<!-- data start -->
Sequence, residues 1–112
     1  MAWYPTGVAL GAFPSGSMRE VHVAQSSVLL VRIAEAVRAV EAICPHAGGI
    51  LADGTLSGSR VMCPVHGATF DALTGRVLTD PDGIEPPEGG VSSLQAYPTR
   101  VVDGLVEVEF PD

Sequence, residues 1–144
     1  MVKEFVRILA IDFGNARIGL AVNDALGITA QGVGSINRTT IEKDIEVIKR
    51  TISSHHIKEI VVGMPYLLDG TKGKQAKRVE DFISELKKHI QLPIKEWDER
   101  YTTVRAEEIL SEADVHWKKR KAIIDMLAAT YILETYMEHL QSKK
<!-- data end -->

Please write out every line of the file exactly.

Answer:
Sequence, residues 1–112
     1  MAWYPTGVAL GAFPSGSMRE VHVAQSSVLL VRIAEAVRAV EAICPHAGGI
    51  LADGTLSGSR VMCPVHGATF DALTGRVLTD PDGIEPPEGG VSSLQAYPTR
   101  VVDGLVEVEF PD

Sequence, residues 1–144
     1  MVKEFVRILA IDFGNARIGL AVNDALGITA QGVGSINRTT IEKDIEVIKR
    51  TISSHHIKEI VVGMPYLLDG TKGKQAKRVE DFISELKKHI QLPIKEWDER
   101  YTTVRAEEIL SEADVHWKKR KAIIDMLAAT YILETYMEHL QSKK